A few weeks ago we blogged about a blind taste-test panel which The Telegraph asked us to join. Now we are able to reveal the results.
The overwhelming response from the panel was disappointment with the policies on offer. Across a wide spectrum from international trade to business support the parties were judged to have consistently failed to understand businesses perspective and needs. Each policy was marked out of five and in the final voting, The Conservatives (47/100) were a nose ahead of Labour (43/100) who had nudged ahead of The Lib Dems (40/100).
None of the parties scored more than 5/10 on their policies — it was a bit like giving the Gold Medal to someone running 100m in 25 seconds: there’s considerable room for improvement.
Tough on growth, tough on the causes of growth
“Where’s the detail. What will the tough choices be?”
The number one area which we all wanted to see tackled was the deficit. In 2010, the UK will spend £180bn more than it will raise in taxes. The policies presented were aimed at tackling just £5-10bn of that with tax increases on jobs (NI) and expenditure (VAT) — something which is painful for small businesses to bear.
We were frankly unimpressed by the lack of candour from all parties about what they were going to do other than borrow even more. As businesspeople, the mood was clear that we wouldn’t be allowed to get away with this kind of recklessness: we’d be out of business in a heartbeat.
The Tories scooped 53/100 in this area, with the incumbent Labour party given a punishing 37/100.
Mummy, can I help?
“If you expect us to drive growth, then take the handbrake off and get out of the way”
As any parent will know, there are some sorts of help that can be less helpful than no help at all. In the area of business support most people in the room had brushed up against BusinessLink and similar agencies. It was universally seen as a waste of space, and the best that could be hoped for was less interference, regulation and red tape.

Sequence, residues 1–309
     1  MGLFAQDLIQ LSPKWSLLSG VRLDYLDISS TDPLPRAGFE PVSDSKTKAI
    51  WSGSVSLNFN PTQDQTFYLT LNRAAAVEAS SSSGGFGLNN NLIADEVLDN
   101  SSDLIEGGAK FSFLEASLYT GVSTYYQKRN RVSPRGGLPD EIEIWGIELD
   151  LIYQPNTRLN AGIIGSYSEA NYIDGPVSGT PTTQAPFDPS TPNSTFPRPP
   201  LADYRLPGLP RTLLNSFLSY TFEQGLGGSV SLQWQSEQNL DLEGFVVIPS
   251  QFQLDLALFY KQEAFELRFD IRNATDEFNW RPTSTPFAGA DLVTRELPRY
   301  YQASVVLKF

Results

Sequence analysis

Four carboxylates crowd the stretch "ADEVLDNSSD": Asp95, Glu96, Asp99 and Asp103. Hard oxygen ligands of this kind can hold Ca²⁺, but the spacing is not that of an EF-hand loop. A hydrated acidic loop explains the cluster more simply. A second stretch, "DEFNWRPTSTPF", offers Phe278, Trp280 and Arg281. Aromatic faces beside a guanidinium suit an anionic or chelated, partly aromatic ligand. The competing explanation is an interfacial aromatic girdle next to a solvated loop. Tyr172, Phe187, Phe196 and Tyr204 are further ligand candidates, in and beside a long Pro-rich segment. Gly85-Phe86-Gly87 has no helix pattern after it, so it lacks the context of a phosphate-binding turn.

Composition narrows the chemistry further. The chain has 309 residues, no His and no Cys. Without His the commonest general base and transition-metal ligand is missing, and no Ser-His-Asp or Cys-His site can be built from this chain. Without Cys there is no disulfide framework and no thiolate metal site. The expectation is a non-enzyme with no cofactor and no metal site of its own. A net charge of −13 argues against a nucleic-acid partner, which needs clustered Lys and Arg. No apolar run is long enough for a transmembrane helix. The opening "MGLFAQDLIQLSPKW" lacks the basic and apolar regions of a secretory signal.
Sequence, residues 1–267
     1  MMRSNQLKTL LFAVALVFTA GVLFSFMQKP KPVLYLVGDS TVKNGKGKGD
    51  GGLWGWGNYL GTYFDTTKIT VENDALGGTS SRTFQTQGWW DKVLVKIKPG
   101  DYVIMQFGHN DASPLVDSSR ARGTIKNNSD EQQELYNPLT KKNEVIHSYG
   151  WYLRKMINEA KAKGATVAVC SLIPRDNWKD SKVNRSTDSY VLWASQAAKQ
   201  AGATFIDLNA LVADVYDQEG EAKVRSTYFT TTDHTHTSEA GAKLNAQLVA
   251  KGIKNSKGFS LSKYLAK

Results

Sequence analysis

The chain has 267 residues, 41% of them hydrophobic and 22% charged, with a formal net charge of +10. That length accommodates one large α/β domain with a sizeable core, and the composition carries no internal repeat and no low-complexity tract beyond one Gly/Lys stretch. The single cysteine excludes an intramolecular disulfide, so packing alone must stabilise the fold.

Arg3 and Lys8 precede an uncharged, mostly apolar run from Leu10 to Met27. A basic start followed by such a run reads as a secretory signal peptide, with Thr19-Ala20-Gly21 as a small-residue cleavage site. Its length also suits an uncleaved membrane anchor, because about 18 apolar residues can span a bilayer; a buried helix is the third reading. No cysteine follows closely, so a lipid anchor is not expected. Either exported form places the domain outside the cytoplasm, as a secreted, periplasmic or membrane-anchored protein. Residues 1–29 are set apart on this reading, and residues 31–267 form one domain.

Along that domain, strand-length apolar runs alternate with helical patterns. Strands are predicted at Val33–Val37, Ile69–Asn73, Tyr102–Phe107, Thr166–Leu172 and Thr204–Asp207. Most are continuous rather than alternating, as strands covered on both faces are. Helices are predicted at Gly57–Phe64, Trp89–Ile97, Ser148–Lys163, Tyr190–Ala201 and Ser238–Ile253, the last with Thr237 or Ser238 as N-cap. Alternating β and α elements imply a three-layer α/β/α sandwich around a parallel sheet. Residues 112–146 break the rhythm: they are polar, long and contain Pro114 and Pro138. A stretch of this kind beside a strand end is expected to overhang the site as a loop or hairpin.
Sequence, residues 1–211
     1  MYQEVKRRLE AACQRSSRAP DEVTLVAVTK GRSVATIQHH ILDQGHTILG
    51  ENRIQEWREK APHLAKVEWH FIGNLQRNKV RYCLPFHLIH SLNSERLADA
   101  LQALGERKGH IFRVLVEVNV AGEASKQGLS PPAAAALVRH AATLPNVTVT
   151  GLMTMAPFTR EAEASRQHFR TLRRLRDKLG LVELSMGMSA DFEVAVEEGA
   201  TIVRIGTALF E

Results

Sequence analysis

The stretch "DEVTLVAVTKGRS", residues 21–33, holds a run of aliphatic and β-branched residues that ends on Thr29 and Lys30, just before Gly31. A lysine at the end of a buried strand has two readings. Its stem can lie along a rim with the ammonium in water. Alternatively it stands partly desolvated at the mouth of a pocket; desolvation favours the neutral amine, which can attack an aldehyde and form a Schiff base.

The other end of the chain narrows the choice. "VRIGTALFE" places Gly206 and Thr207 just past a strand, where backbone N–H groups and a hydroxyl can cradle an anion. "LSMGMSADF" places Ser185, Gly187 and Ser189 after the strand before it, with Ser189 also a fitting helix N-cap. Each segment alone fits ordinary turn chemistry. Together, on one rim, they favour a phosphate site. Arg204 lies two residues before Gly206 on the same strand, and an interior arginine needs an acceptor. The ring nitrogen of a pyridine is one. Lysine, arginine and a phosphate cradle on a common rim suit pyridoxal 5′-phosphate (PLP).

The new-fangled interweb thing
“These are all trying to be cool and trendy. It’s ridiculous”
The harshest scorn was reserved for the parties views on e-commerce. Politicians are rarely thought of as early-adopters in technology, but 15 years after Amazon was launched, would they have caught up yet? Their policy statements were full of views on illegal downloads and long-term technology infrastructure, but not a single one mentioned the biggest hurdle to UK e-commerce over the past year: a reliable delivery system. The 2009 Royal Mail strikes, and the stranglehold they have on small parcel deliveries, were a big blow to e-commerce in the UK.
A further obvious hole is an area in which eBay is currently championing: international law. They are calling for a simplification of cross-border trading law and a rebalancing of power back to consumers away from the Big Brands who exert pressure to stop the legitimate sale of genuine bargain and second-hand products.
Participants on the panel included our Director David Brackin, together with Brad Aspess, owner of Rarewaves; Justine Roberts, CEO Mumsnet; Emma Jones, founder of Enterprise Nation; Jamie Murray Wells, chief executive of Glasses Direct; Duncan Grant of the Entertainer Group and Jody Ford, senior director for sellers at eBay